4. Technical specifications, implementation activities, inputs, and costs

4.1 Technical drawing of the Technology

Technical specifications (related to technical drawing):

The drawing shows the management units used in this seasonally structured grazing management system. The livestock rearing zone, to the east of the Ewaso Nyiro river, is permanently settled and is grazed heavily during the wet season (April - July). During this time herders utilize the short, nutritious grasses in this low biomass area. As forage biomass begins to reduce the community grazing committees meet to discuss the opening of settlements to the west of the Ewaso Nyiro river. This decision is made using traditional ecological knowledge, comparing available forage biomass and the numbers of livestock to previous years and past experiences. Once the grazing has been opened to the west of the river people may settle within the buffer zone. This limits direct access to the higher biomass areas within the conservancy and grass banks, and increases the length of travel for each herd every day, in an effort to preserve forage for longer. Once forage has been depleted in the buffer zones and the periphery of the conservancies, the committees meet and allow access for herders into the conservation areas, which have tall, high biomass, but low-quality grazing. Often access to this area requires considerable distances to be walked by livestock. In recent years, adaptive management systems have led to the settlements within the south of the conservation area to be closed to preserve forage biomass within the swamp and conservation area for a longer period of time; and allow for recovery of partially degraded land.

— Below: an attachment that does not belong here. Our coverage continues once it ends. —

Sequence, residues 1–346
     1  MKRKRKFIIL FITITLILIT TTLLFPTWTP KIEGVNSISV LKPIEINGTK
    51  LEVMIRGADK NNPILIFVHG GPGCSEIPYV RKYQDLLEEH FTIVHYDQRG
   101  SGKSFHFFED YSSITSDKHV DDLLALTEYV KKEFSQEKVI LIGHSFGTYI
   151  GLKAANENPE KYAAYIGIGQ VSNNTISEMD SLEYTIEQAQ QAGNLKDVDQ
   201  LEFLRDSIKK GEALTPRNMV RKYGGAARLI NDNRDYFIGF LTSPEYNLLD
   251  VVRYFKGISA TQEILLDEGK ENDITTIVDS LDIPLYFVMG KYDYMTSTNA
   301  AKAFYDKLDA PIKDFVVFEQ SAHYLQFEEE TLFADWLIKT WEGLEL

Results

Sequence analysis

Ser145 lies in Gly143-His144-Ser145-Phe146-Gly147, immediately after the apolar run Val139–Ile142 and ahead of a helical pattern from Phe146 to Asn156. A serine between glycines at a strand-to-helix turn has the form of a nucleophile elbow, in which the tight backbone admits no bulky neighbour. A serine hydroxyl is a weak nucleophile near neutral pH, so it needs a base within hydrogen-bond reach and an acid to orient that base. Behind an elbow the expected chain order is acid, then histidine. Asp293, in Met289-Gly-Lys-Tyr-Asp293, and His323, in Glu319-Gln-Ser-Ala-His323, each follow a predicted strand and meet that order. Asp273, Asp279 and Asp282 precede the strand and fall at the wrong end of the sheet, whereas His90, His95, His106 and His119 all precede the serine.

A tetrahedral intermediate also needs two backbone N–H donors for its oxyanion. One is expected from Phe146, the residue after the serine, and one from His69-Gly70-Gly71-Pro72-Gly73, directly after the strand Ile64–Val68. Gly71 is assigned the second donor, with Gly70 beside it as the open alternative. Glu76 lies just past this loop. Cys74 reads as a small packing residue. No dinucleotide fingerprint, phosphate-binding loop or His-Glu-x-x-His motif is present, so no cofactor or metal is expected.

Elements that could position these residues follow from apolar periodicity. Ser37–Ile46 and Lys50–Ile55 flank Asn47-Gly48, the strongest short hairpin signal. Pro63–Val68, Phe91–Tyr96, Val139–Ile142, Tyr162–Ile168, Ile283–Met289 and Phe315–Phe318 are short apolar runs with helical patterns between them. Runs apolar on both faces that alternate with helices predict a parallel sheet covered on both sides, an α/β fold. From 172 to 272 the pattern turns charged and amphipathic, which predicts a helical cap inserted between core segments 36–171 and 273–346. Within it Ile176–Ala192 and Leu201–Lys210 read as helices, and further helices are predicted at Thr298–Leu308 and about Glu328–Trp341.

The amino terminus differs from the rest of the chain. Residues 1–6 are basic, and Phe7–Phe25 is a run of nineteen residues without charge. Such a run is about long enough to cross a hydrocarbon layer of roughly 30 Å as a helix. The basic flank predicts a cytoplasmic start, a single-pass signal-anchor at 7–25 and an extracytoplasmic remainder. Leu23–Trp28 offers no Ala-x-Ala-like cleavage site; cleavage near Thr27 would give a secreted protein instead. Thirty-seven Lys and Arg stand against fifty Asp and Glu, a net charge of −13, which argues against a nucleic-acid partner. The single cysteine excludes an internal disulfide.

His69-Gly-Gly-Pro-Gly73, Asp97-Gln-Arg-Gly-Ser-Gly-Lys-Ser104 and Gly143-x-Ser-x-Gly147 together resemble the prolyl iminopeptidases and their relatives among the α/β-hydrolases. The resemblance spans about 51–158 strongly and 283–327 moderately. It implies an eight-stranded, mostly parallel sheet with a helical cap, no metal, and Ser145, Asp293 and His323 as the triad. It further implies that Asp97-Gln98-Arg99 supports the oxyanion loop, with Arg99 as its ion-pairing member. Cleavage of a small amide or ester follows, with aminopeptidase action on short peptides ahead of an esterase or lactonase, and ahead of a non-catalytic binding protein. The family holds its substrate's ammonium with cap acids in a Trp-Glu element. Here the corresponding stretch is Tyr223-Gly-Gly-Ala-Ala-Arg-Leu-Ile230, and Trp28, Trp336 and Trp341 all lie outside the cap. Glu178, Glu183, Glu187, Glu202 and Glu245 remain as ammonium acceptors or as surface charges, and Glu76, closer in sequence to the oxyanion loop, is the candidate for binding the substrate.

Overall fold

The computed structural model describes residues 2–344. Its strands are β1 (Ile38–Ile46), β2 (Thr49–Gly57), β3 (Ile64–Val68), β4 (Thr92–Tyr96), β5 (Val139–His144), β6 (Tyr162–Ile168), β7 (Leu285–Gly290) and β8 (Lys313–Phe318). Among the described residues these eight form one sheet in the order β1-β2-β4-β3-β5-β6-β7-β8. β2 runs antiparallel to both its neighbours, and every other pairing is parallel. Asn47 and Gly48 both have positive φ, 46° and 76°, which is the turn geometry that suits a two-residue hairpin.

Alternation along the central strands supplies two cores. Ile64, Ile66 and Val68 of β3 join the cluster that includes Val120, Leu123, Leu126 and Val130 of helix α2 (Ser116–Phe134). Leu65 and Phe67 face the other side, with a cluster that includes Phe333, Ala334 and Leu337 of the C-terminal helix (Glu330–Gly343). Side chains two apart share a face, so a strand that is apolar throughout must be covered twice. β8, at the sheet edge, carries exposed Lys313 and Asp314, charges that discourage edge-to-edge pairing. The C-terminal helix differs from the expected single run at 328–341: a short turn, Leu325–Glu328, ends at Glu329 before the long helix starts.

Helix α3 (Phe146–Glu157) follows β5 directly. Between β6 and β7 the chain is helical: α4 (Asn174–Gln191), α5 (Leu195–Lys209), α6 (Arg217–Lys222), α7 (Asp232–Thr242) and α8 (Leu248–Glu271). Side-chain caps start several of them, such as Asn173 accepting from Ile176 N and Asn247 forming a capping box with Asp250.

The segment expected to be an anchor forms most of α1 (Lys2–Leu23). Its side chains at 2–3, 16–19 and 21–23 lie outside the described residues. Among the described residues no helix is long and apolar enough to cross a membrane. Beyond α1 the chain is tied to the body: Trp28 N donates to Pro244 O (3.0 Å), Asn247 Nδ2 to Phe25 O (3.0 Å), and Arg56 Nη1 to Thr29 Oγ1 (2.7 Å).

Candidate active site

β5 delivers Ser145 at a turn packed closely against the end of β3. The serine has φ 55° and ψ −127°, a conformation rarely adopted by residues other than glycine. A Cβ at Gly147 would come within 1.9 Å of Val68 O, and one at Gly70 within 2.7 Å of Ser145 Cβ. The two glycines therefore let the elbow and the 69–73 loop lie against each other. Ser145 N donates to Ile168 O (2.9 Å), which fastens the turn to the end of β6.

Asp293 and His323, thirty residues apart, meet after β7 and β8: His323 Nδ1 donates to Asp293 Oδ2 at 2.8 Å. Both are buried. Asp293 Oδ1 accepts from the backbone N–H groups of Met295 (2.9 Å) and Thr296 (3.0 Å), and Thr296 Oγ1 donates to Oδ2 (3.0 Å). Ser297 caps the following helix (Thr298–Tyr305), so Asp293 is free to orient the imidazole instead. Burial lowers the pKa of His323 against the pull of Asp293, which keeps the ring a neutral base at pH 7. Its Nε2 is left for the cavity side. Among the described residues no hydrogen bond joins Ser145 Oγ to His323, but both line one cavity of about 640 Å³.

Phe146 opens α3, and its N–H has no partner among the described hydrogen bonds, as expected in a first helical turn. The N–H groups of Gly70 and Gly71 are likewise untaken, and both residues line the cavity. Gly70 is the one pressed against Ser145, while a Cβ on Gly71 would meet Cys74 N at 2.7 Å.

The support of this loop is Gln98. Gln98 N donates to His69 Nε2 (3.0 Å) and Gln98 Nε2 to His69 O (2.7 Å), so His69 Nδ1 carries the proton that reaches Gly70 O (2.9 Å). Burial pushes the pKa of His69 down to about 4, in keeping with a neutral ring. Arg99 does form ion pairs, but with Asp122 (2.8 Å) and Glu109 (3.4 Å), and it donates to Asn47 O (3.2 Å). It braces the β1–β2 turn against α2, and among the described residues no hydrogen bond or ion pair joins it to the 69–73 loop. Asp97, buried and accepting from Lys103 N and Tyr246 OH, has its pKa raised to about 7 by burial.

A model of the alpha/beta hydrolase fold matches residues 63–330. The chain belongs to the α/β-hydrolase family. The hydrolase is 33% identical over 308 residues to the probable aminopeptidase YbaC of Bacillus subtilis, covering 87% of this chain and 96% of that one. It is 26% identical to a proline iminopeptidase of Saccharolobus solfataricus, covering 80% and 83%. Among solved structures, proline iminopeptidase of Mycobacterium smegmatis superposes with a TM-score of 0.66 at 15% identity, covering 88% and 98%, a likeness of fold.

Peter Tyrrell



4.2 General information regarding the calculation of inputs and costs

Specify how costs and inputs were calculated:
  • per Technology unit
Specify unit:

The two group ranches

Specify dimensions of unit (if relevant):

Approximately 1000km2

Specify currency used for cost calculations:
  • USD
Indicate average wage cost of hired labour per day:


4.3 Establishment activities


No activities were required to establish this practice as it has been ongoing and builds on traditional management structures.